Saturday, July 7, 2018

How Should IT Cross-Examine Business Opportunities and Risks by Measurement

 IT should cross-examine business opportunities and risks, and IT must contribute to or facilitate and accelerate organizational performance.


The digital society we live in is so technology-driven and information-intensive, organizations rely more and more on information and technology nowadays. Due to the faster pace of changes, there are stresses in business leadership because organizations must respond to continuous digital disruptions proactively. How should IT cross-examine business opportunities and risks to help the business become more adaptive, innovative and resilient? Can CIOs figure out those big “HOWs” in order to lead business changes systematically?

How can CIOs provide information about varying aspects of the business’s success and failure; opportunities and risks: To run IT as the strategic business partner, IT leaders should encourage their teams to spend more time with leaders on the business side as well as directly with customers. The IT-business engagement builds the trustful relationship, makes IT much more proactive in proposing ideas and providing information about varying aspects of the business’s success and failure, opportunities, and risks. Businesses are counting on IT to offer innovative solutions to the variety of problems. IT measurement and management need to evolve into something that matters to the business audience. Every new technology adopted or information refined should facilitate the business’s need but also bring down the incremental cost of business growth and time to market. Return On Investment shouldn’t just focus on the financial aspect only. Look only at cost, schedule, and quality, will not fully address value and only lead to conflict in what value is as it doesn't address the portion of value that is not measured in these indexes. ROI is expanding into other less measurable, but not less tangible areas that need to be focused on, such as collaboration, creativity, and overall business synergy and competency.

How can IT leaders avoid drowning into too much information, which only adds another layer of complication and creates management bureaucracy: Although by nature, IT management is complex, one of the important goals of running digital IT is to simplify and optimize business, break down silos, to keep information flow and catalyze change. When IT acts only as a controller; or it's inundated with the sea of information and overloaded; it often adds another layer of business bureaucracy. Bureaucracy is criticized by its inflexibility, inefficiency, silo, stagnation, unresponsiveness, lack of creativity, etc. It is correlated with a mechanistic view of the organization and reductionistic management discipline. To dismantle bureaucratization, IT should get deeply immersed in the new apps, devices, and solutions and make the business more productive, collaborative, and smart. IT needs to both qualitatively and quantitatively measure value delivery to business and achieve a high-performance result. Bureaucracy = Process Inefficiency. Digital management requires a different kind of 'control,' for example, the control on desired outcomes, keep the end in mind, not overly control the process of HOW. Do know why you are collecting the metrics. Establish a good root question. Identify the purpose of the information and the stakeholders who will use it. Ask whether the metrics can reveal anything meaningful for the identified purpose.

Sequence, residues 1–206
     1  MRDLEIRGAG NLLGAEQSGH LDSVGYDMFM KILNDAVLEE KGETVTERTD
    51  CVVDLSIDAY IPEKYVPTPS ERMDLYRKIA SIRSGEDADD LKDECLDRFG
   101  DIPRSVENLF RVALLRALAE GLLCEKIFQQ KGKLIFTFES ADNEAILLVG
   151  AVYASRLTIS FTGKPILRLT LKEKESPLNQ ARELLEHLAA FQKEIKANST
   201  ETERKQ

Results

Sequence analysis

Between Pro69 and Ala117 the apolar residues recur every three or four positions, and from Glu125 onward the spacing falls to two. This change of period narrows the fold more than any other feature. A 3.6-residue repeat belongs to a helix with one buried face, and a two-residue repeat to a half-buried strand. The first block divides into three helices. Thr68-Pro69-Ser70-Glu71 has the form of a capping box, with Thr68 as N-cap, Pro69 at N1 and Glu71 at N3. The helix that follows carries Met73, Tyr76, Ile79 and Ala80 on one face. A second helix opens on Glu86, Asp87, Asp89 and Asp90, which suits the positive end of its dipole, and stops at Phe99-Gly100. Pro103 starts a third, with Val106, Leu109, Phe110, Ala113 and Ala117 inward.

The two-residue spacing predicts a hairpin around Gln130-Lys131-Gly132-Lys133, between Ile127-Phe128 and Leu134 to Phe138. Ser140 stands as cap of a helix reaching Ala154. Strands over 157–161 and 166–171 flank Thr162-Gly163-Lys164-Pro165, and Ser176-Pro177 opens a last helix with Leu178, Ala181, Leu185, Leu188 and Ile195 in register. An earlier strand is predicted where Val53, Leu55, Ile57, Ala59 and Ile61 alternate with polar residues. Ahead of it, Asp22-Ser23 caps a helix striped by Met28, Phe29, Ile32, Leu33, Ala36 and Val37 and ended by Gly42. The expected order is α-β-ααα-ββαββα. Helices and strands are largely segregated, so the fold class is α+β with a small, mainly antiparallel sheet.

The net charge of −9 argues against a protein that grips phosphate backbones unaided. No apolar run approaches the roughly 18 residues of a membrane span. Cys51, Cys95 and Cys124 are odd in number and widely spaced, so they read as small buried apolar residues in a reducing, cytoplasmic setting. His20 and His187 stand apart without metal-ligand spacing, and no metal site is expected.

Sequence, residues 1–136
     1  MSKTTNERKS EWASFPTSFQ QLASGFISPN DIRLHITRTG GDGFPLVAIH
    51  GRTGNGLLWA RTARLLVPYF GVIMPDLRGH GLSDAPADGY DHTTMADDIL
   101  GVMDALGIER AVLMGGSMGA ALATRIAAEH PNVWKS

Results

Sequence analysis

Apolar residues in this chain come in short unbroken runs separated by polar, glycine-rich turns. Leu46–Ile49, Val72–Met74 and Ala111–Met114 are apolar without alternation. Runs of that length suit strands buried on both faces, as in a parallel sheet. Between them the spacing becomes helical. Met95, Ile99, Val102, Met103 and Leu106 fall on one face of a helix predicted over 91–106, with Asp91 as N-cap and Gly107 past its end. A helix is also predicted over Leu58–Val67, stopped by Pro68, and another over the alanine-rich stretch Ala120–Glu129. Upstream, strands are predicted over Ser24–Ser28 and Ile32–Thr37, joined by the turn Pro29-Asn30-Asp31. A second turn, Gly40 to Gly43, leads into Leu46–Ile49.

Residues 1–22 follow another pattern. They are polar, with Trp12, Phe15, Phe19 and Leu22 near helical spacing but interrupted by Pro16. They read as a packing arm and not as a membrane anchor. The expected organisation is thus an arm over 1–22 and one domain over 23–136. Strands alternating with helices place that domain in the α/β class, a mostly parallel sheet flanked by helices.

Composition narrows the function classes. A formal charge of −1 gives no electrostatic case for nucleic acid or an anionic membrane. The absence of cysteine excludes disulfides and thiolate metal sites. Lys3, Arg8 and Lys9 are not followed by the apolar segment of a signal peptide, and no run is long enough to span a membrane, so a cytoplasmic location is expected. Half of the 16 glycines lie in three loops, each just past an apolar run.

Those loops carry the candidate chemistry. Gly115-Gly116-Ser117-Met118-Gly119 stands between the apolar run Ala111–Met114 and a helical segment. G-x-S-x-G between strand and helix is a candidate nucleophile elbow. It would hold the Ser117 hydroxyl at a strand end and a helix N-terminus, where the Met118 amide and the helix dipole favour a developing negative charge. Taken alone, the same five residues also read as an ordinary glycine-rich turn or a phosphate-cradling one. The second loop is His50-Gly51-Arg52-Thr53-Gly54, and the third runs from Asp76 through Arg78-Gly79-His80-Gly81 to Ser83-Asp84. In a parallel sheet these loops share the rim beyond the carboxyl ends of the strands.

How should IT management develop tools and techniques that convert the measurement data to business-critical information and actionable metrics to improve business performance: Metrics can help you get some objective perspectives on what you are trying to manage, but they need to be crafted and interpreted well. Assuming an organization believes that metrics can lead to continuous improvement, it won’t be just a matter of explicit communicating the intention behind metrics, but a matter of coaching and leadership to guide the team to understand the purpose of doing that and engaging on that. The right metric is requested in the right context but without any explanation of why it is requested, without concern for whether the gathering is onerous, or without concern for whether there is a better or easier way to gather metric that achieves the same goal, the measurement can easily go wrong. To develop tools and techniques to convert measurable data to actionable business-critical information. The "SMART" framework is helpful, but be cautious about setting goals which are really valid, and make the continuous adjustment for improving performance and unlocking business potential.

The hyper-connective nature of digitalization provides the new level of transparency to run a digital business today. IT should cross-examine business opportunities and risks, and IT must contribute to or facilitate and accelerate organizational performance. Your measures should cover all areas that contribute to business value creation including products/services quality, employee engagement, customer satisfaction and financial outcomes. IT is the business.

2 comments:

I enjoyed reading your article :) PLease continue publishing helpful topics like this. Regards, from alwaysopencommerce.com.

I think this article will fully complement your article.

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